Certainly Coach K’s team can get better with the addition of the three freshmen to the rotation. (See below.) Even so — and maybe this is just me — I’m feeling some serious displeasure from basketball when we talk as though Future Healthy Duke is going to be stunningly and wondrously day-and-night different from what we now see before us.

Take Kennard. It’s true his minutes and potentially his position as a starter will be jeopardized by a more healthy roster, but surely it’s erroneous or, at best, imprecise to think, “Boy, just wait until this unglamorous plodder Kennard gets Wally Pipp’d by a bona fide NBA talent, then we’ll really see something.”

Actually in this instance the incumbent’s shooting 58 percent on his twos and 52 percent on his threes. Granted, Kennard won’t be drawing comparisons to Bill Russell on defense anytime soon, but we saw this program win a national title a couple years ago playing around some iffy individual backcourt defense. It can be done, and Kennard-right-now-level offense makes that bar a good deal lower.

Coach K will at some point have the luxury of replacing or augmenting Kennard with someone who’ll be drafted next summer, but even a Hall of Fame coach lacks the ability to improve upon the insane offensive rating that the sophomore’s currently posting for that position. Always remember the Andrews-Fultz Paradox, and adjust your future expectations accordingly. Basketball really doesn’t care about your draft stock, except insofar as it’s a proxy for “being really good at college basketball in the 2016-17 season.”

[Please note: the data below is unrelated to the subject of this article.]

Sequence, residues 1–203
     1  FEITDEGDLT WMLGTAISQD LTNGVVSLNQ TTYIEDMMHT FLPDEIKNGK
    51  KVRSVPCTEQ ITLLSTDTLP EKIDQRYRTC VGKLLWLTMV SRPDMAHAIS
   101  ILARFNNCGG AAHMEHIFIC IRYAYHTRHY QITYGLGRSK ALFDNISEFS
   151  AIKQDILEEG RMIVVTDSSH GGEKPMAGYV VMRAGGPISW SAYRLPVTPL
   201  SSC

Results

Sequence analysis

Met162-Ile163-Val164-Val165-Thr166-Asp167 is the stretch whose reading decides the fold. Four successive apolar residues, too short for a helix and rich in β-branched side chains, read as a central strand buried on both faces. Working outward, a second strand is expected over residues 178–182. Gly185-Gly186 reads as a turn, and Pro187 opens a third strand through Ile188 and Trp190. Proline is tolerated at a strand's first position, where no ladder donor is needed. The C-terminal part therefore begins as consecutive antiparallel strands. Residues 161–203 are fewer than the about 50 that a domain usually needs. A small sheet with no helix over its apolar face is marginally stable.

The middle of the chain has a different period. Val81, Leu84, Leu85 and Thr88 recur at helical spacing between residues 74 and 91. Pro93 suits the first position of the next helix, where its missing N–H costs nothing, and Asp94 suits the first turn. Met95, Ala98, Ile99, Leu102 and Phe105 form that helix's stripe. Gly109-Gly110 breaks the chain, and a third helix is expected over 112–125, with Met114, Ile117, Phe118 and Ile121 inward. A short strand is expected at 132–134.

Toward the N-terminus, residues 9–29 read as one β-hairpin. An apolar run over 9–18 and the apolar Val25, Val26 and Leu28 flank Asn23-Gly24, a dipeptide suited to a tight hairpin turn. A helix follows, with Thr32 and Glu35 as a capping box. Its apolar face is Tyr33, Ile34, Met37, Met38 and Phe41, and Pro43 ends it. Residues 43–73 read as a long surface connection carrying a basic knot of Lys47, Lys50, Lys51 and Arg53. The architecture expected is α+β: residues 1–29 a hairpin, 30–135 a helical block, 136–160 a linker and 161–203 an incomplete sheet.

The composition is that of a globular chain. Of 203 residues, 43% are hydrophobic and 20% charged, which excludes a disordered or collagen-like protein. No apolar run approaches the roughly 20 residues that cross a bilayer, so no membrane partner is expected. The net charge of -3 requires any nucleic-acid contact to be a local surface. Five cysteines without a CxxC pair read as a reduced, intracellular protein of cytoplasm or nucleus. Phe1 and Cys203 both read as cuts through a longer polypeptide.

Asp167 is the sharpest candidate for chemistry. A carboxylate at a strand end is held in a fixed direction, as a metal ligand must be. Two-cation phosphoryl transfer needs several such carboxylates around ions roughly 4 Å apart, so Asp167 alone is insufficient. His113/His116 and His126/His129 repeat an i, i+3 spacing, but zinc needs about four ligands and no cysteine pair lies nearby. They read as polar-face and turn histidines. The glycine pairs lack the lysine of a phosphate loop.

Duke can get better when it’s healthy…but probably not that much better
I’m on the record as thinking that not having Giles is actually a big deal for the same kind of roster-specific reasons set forth in the discussion of Jefferson above. Just as the senior brings something unique to the Duke table of plenty, Giles figures to be the only game in town, so to speak, when it comes to high-possession-usage post offense.

That being said, we really don’t know what we’ll get from Giles this season. Maybe he’ll round into Okafor-level form long before March, or perhaps he’s fated to spend his one season of college ball as a fleeting and elusive Kyrie-Irving-in-2011-type presence, cheerfully accepting a relatively low-usage and/or low-minute role for the perceived good of the team. We just don’t know which scenario will unfold. I do expect, however, that Duke will contend for a national title as a No. 1 seed, whether it’s with Beast Giles, Giles Lite, or something else entirely.

As for Tatum, he is by all accounts on a trajectory that will land him in the NBA as a justly celebrated wing sooner rather than later. At the risk of sounding shallow, I want him to hurry up and get healthy largely because I trust he’ll provide spectacularly entertaining moments for me as a viewer.

Clearly there’s a degree of overlap between that ability and the potential to elevate Duke’s performance as a team, but it’s fair to say the correspondence there is far from perfect. And while the NBA as a business enterprise is absolutely correct to chant “length and athleticism” frantically and reflexively as a magic koan that will ward off untelegenic spirits, my guess is basketball as a sport deigns to acknowledge the proverbial L-and-A duo purely as means to an end.